Kurdish news agency Rudaw tells the poignant story of Teleskof, a Christian town of some 4,000 souls in the Nineveh Plains evacuated last August before the advance of ISIS, save for two elderly women named Sarya Matto and Madi Salim, who adamantly refused to leave their home.
Matto said they had nowhere to run, no relatives elsewhere who would take them in, so they hunkered down in a single small room, without running water or electricity. After ten days, the jihadis finally showed up, and put the women through an evening of terror.
“Though our house was far from the city center, 10 days later we heard human voices,” Matto recalled. “Then they knocked on our door. They were speaking Arabic. We didn’t open the door but they broke it down and came in. They were three, wearing long beards. They asked us for money but we didn’t have any. They searched the house, then one of them saw my gold cross necklace and tore it from my neck.”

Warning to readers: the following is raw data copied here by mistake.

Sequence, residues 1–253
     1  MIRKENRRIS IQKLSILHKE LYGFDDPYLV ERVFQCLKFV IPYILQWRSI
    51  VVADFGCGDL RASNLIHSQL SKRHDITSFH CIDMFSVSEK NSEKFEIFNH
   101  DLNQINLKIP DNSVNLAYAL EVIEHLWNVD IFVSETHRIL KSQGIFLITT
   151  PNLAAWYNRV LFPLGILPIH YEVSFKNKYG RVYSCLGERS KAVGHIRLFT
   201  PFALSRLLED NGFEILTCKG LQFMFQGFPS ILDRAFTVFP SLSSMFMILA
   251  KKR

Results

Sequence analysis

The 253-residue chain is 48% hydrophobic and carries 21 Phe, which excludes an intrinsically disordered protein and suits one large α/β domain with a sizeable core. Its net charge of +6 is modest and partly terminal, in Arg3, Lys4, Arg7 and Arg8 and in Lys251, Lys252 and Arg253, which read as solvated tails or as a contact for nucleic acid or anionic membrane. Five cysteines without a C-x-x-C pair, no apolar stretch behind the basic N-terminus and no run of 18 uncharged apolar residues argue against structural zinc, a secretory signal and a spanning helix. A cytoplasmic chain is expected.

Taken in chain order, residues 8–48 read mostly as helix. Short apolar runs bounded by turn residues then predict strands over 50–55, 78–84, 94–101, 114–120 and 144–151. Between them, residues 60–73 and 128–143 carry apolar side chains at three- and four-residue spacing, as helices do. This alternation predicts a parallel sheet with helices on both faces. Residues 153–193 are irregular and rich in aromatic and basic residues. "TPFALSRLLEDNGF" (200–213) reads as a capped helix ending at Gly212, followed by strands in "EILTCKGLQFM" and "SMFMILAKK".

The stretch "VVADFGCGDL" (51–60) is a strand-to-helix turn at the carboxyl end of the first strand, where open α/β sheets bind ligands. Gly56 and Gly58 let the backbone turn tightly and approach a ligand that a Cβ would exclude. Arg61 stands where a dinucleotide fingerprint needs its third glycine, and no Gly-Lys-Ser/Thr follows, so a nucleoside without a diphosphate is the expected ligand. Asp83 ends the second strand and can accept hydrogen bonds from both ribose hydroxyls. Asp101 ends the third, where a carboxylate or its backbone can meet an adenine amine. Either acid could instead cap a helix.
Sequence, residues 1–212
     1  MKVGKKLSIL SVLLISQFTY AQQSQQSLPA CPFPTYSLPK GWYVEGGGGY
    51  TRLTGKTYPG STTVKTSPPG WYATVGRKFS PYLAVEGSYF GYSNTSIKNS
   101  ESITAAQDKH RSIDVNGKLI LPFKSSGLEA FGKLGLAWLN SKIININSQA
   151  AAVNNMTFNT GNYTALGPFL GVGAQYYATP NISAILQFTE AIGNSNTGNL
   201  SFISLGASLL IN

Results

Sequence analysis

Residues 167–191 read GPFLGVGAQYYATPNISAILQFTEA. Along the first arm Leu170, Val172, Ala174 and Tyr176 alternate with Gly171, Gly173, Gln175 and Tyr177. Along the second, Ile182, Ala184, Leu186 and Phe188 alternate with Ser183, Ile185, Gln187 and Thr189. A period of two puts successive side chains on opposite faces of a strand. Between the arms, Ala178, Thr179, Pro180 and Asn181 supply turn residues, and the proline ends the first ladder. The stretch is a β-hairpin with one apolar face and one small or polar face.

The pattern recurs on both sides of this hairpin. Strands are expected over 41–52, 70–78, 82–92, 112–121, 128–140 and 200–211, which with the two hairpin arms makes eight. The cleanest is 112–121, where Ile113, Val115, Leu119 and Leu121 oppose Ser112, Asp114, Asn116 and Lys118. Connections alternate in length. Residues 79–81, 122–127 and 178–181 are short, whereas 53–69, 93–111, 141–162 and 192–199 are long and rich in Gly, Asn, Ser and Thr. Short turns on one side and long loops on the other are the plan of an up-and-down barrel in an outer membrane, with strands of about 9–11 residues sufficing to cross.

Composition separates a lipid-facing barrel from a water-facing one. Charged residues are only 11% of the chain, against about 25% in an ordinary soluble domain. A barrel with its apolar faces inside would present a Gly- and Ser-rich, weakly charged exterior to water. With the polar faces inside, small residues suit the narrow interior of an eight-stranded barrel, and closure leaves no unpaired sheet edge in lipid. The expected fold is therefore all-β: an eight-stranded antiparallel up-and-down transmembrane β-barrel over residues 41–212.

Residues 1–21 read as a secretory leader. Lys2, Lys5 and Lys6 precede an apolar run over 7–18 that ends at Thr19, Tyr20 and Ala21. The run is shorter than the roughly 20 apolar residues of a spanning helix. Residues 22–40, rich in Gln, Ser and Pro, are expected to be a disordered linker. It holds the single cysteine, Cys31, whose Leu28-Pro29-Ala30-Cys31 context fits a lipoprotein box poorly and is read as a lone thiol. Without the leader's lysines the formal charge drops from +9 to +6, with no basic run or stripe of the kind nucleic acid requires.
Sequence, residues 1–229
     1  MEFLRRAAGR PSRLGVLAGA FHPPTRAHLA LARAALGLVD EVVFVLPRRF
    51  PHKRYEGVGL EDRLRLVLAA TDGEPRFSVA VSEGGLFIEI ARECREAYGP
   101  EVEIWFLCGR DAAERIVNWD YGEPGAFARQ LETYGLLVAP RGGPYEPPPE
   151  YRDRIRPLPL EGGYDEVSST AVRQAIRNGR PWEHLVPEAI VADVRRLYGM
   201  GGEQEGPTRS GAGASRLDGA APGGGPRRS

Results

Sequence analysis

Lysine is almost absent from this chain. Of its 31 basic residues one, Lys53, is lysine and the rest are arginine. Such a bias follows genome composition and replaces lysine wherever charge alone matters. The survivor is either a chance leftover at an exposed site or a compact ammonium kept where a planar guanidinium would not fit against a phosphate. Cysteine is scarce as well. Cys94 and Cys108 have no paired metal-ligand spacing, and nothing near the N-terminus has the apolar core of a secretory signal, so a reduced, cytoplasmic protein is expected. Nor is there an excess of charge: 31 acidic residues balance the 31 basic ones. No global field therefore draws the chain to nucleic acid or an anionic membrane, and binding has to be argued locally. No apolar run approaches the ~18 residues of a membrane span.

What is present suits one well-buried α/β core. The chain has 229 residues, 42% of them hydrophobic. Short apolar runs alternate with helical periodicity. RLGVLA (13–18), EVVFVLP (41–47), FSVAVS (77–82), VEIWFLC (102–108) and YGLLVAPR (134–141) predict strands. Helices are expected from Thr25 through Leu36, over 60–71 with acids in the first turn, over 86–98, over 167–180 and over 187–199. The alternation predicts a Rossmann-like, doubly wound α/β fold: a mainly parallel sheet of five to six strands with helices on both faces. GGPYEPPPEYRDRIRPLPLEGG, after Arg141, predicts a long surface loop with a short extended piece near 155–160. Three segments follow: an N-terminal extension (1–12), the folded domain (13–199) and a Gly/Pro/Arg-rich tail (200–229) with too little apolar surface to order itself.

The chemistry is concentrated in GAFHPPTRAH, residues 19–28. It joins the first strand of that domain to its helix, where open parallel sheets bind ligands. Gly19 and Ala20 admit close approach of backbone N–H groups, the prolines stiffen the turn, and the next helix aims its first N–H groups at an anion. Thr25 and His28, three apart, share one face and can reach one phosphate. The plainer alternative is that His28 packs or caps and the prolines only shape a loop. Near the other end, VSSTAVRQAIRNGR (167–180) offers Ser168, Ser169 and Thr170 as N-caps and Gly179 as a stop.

She said the ISIS militants decided not to kill them because it would be a “waste of bullets,” so they settled for clubbing the women with their rifle butts before departing. Apparently ISIS also took the time to remove the cross from the Church of St. George and replace it with their black flag.
Five days later, they were rescued by Kurdish peshmerga fighters who had retaken the town. Matto said she and Salim “cried a lot when we saw them… they helped us, they brought us food and water.”
“No one in the world has done to anyone what ISIS did to us,” Matto said of the persecution of Christians, who have been driven from their homes, murdered, or taken as slaves by the tens of thousands.
Matto and Salim are still there, although Rudaw reports no one else has returned to live in Teleskof. Peshmerga soldiers stationed in the area say the women have had a few visitors claiming to be relatives, but none who would give them someplace else to live.